Back in the XIX century, Modeltown Development Corporation, under William T. Love, planned to construct a power canal that would connect the upper and lower levels of the Niagara River as well as open business opportunities. After securing funding support, the canal was started in 1884. Before the completion of the canal, the United States fell in to an economic depression that halted funding sources. The loss of funding and the loss of potential business support led to the down fall of Love's Company leaving only a partially dug canal left. In the 1920's the canal was bought by Hooker Chemical Company and used as a site for chemical and municipal disposal for several chemical companies and the City of Niagara Falls. This site was used as a disposal site until 1953, when it was bought by the local community and completely covered with dirt. In the late 1950's this land became the new site of over 100 homes and an elementary school. In the late 1970s, after several years of high precipitation, the chemical waste began making its way to the surface causing terrible odors and oozing waste. On August 2, 1978, Lois Gibbs, a local mother who called an election to head the Love Canal Homeowners' Association, began to rally homeowners. There was severe pollution by dioxins, which lead to grave health effects especially the high percentages of birth defects in the Love Canal area. This required all residents to be vacated and the risks to be mitigated, however the health and environmental effects had already affected much of the communities residents.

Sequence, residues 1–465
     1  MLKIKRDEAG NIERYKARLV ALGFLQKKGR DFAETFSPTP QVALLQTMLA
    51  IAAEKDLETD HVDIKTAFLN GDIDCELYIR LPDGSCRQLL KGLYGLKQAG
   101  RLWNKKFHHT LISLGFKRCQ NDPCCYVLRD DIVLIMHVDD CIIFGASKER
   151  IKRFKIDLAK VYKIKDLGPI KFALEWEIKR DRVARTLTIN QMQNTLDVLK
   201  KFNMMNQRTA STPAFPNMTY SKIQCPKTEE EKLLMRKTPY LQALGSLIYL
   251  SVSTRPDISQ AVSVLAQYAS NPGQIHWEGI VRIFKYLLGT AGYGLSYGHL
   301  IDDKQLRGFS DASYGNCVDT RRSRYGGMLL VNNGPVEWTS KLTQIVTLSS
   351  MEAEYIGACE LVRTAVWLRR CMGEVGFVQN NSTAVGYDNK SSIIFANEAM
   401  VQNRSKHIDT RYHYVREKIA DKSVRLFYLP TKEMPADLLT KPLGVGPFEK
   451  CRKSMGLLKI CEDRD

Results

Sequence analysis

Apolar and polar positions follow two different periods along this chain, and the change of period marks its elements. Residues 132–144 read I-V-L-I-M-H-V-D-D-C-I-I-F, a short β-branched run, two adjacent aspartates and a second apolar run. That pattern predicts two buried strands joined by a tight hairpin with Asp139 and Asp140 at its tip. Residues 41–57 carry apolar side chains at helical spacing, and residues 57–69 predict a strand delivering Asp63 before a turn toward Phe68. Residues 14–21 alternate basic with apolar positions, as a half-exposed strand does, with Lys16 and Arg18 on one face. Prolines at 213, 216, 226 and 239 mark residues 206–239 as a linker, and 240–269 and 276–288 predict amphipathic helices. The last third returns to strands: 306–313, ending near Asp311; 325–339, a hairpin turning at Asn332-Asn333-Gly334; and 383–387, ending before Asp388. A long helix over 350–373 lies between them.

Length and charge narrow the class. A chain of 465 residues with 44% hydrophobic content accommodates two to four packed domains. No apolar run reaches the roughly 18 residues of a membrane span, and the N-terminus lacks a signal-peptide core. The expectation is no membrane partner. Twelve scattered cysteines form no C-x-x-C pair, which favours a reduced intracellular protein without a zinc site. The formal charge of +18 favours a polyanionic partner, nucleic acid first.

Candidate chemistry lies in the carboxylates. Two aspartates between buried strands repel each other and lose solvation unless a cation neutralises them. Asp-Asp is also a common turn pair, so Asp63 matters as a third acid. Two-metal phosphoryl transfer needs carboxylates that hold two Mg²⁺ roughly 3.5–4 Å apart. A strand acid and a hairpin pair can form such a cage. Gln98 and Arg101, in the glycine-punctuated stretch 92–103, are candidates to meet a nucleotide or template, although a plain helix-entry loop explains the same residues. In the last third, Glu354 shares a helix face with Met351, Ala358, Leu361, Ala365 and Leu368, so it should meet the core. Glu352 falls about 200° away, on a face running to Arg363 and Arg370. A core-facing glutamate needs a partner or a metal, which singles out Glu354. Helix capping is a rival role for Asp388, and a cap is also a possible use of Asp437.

Clean-up was done by the EPA and the site was removed from the Superfund list in 2004 and determined to be usable land again. Homes near the previously evacuated area are now being bought and lived in.
Though Love Canal was officially removed from the National Priorities List (NPL) in 2004, the site is still subject to maintenance and monitoring activities (e.g. landfill cap inspections, annual groundwater monitoring). However, new residents are dealing with the same chemicals that wreaked havoc decades ago. In lawsuits, residents claim they were swayed to purchase homes in the area with low property values and assurances that waste was contained. Moreover, many residents are unable to move out of the site due to financial constraints. Spokespeople for the US EPA, NYSDEC, and city of Niagara Falls continue to claim that monitoring and containment efforts are effective.